Among systems Shuler has in use: Cisco’s Firepower, Identity Service Engine and Application Centric Infrastructure solutions. Phoenix Children’s also recently adopted Zingbox, a cloud-based service to discover, identify, secure and optimize devices using artificial intelligence and machine learning.
Such approaches are helping healthcare IT teams better understand the unique behavioral nuances of clinical devices and how they communicate with the network and other tools.
Notes Shuler: “The newer systems are able to say, ‘Nope, that’s exactly how that device is supposed to behave. And by the way, it’s this device. Oh, and you have 300 more of those devices and they’re working all the same way.’”
On a more general level, making sure a hospital’s network is running smoothly is also crucial to baseline functions such as hosting electronic health records, processing incoming data from remote patient monitoring tools and maintaining facility services such as thermostats and sprinklers, a blog post from HelpSystems notes.
How Network Monitoring in Healthcare Has Changed
As new devices have come into play, so have new risks.
In recent years, federal recalls have been issued for several models of insulin pumps, infusion pumps and pacemakers due to potential vulnerabilities that could be exploited by hackers.
Consider the ramifications of WannaCry, which in 2017 infected thousands of medical devices with ransomware and forced 80 British hospitals to divert patients. An Armis report released in May noted that healthcare systems were a prime WannaCry target due to “older or unmanaged devices,” and that many had yet to patch their tools more than two years after the attack.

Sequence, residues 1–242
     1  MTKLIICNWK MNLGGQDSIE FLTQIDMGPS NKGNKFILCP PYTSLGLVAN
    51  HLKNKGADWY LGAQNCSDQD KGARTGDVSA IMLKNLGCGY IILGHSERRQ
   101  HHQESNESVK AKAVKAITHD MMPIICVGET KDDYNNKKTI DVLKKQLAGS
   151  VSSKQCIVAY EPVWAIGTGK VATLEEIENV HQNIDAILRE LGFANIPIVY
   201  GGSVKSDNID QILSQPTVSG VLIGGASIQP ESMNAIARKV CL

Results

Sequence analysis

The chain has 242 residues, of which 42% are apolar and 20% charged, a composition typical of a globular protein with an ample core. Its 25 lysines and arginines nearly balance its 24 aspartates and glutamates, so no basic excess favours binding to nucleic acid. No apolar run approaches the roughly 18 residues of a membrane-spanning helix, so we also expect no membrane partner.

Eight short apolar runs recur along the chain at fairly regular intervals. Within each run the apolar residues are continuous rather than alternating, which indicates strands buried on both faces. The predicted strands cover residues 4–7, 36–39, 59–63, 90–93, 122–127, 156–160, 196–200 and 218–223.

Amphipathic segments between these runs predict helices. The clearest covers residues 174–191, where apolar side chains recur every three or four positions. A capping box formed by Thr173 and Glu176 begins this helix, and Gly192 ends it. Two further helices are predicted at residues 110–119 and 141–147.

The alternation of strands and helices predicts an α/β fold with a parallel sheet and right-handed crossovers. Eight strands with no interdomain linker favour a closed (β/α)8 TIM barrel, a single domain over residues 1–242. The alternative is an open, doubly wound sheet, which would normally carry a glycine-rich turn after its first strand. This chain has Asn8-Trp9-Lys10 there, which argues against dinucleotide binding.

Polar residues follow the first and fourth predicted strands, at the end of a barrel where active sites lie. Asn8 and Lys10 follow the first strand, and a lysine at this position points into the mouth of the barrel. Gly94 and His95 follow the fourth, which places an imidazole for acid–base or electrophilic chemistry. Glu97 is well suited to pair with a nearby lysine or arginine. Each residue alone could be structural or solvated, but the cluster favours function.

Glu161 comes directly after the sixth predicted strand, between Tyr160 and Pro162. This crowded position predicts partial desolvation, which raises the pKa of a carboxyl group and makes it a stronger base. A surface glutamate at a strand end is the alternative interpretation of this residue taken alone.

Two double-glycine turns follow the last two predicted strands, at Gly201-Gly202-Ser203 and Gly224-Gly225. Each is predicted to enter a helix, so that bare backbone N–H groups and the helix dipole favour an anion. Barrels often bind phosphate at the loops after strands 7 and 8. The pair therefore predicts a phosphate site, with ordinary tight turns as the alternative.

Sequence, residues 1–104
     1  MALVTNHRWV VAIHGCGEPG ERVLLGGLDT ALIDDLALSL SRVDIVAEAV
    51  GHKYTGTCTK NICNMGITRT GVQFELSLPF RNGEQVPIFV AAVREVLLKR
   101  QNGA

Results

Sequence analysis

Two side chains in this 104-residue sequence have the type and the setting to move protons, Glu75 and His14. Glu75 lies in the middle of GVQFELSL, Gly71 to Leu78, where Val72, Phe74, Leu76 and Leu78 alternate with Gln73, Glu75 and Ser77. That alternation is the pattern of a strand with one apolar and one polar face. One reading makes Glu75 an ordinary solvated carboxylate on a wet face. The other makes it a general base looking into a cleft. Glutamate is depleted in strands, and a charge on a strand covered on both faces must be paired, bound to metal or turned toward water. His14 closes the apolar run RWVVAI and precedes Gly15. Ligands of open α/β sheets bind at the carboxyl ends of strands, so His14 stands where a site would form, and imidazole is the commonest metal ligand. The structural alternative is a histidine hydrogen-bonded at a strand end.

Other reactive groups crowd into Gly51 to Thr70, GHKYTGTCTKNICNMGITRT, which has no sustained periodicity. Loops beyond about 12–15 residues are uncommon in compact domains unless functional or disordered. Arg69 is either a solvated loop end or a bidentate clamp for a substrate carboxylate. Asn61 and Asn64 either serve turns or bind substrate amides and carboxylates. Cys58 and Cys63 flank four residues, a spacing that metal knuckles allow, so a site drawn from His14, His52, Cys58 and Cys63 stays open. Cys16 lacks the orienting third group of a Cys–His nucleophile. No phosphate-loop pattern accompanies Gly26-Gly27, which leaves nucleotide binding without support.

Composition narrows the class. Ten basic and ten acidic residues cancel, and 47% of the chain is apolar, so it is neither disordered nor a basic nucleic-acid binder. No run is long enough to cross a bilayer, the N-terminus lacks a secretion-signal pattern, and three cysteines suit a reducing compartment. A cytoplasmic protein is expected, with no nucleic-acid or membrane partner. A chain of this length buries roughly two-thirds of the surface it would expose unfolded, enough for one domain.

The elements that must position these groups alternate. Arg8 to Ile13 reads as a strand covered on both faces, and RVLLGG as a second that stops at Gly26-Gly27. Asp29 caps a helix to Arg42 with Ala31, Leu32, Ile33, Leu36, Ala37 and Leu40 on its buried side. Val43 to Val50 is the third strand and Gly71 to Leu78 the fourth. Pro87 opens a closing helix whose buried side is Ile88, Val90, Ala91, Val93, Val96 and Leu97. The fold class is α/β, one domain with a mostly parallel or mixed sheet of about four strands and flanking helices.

But the need for network monitoring goes beyond anticipating a malicious incident.
“Some devices run embedded Windows — XP or otherwise — but they’re still running an operating system that could be vulnerable to a standard virus that you see hitting a computer,” McDowell says. “Although not necessarily targeted or intended, it could cause that device to behave incorrectly. Whether that's being not able to provide the right dosage or run a test correctly, these things need to be running so soundly that there is no deviation.”
Whether they’re the property of staff or visitors, a bevy of personal devices using the same network can also cause unintended trouble. According to a March 2019 report from Verizon, 25 percent of healthcare organizations have experienced a security breach involving a mobile device in the past 12 months.
The diversity of these risks should urge hospitals to thoroughly vet any vendor under consideration to help implement or improve monitoring practices. “Not all network monitoring systems are the same,” Shuler says. “A vendor might promise certain features or certain things, but it’s important to validate how they’re doing something better than the other guy.”
Best Practices for Network Monitoring in Healthcare
To help you launch or refine your network monitoring program, McDowell and Shuler shared strategies already in play at their own organizations: